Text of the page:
During that same Tysabri follow-up exam, my doctor also listened to my heart with a stethoscope, just as at least 40 nurses and physicians had in the years before him. “I’m not a heart specialist, but I think you have a murmur. You could get that worked up.” And he was right; the subsequent echocardiogram revealed a heart murmur. The specialist remarked that he was surprised my neurologist could hear it.
He was right about my heart murmur and Tysabri, and continues to be right all the time — but I still question almost every decision he makes. Do I really need an MRI every three months? Why should I take more than one Ampyra, a drug that improves walking in MS patients, each day when I don’t need to walk while I sleep? Why is my Tysabri dose the same as that of someone who’s 50 pounds heavier than I am? I read about a study that relates low weight to an increased risk for PML; can’t we lower my dose based on that research? “Because I practice evidence-based medicine, Regina. Do you understand what that is?”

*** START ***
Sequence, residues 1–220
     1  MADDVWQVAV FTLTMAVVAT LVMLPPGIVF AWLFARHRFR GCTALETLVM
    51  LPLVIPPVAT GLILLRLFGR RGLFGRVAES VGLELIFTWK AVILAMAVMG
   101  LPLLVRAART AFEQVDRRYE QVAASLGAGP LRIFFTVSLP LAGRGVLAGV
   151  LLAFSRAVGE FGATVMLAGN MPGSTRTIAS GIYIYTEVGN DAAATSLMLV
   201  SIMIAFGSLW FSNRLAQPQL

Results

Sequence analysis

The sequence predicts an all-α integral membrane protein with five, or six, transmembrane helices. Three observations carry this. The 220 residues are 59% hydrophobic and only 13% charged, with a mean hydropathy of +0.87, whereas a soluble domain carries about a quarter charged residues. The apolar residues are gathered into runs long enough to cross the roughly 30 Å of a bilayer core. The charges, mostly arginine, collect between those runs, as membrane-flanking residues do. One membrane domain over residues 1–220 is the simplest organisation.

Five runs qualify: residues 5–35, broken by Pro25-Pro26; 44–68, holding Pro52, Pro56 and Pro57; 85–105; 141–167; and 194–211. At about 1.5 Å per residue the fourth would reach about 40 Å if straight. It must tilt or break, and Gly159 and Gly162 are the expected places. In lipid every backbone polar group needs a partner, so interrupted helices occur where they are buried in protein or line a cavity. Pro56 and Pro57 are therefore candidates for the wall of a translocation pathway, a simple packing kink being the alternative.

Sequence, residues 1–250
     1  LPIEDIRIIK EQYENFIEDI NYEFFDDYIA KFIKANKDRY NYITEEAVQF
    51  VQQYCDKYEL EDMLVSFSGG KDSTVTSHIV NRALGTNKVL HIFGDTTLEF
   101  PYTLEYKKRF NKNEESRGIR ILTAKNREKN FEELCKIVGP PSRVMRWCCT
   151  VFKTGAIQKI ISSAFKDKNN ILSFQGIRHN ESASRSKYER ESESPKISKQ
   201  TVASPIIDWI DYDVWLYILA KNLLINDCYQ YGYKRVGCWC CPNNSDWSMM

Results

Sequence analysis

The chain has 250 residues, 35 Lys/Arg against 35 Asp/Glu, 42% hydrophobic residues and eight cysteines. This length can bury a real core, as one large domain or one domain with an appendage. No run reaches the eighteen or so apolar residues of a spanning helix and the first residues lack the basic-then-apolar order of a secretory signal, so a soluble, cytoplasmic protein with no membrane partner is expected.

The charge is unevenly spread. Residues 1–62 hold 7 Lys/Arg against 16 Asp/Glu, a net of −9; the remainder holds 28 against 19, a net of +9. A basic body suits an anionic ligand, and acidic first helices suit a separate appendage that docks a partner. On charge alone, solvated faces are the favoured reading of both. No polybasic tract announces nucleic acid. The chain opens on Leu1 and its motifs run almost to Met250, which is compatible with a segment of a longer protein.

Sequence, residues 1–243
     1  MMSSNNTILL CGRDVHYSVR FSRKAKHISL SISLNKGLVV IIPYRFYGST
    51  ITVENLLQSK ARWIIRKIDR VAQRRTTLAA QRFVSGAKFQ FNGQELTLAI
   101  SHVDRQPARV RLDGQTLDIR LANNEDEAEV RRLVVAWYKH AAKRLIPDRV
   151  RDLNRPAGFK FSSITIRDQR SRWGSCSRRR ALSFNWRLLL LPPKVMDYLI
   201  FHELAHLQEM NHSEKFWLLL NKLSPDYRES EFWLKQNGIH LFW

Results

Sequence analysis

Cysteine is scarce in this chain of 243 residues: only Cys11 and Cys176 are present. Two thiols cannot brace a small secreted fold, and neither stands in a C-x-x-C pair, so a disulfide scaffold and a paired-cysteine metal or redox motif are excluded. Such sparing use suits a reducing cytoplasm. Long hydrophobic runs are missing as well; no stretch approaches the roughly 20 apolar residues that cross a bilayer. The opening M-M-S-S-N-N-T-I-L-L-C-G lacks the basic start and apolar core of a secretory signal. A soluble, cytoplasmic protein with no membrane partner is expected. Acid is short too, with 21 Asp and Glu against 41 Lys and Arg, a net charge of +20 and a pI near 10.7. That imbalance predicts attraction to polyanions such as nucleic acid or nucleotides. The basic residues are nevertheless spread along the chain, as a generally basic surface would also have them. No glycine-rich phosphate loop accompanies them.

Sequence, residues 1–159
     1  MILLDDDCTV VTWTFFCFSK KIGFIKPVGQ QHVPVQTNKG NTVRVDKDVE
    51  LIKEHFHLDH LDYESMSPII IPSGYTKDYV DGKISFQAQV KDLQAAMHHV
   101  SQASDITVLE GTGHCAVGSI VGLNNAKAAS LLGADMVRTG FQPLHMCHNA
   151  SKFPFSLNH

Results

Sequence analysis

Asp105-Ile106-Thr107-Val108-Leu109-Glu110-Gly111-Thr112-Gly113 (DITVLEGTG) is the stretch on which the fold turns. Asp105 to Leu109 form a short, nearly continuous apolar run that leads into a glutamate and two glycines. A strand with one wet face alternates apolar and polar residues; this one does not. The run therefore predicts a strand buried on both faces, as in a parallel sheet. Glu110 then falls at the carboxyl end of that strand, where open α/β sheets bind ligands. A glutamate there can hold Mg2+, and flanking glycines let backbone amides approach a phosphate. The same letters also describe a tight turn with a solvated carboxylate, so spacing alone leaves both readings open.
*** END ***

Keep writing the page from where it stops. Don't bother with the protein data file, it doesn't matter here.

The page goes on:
When I went positive for the JC virus after a more sensitive assay came out, meaning I was far more likely to contract PML than we had previously thought, I informed my doctor via email that I would continue with Tysabri anyway. He insisted I come in to talk to him about it. In the end, we decided I would go off of Tysabri because I want to try Lemtrada, a drug that works by rebooting your immune system. It wipes it out and when it returns, it does not attack the brain. Many patients experience a lessening of accrued disability. But going on Lemtrada required a six-month long wash-out period from Tysabri. “Fine, I don’t need to be on anything for a while; my system can use the time off drugs.” My already-pale neurologist kind of blanched. “No, I want you on something to protect you from MS activity. I’d like you to try Copaxone for a few months.” Fine. To make this cautious, MRI-prescribing, vitamin-scoffing, evidence-based-medicine practicing neurologist happy, I went on Copaxone. And guess what? That guy was right again.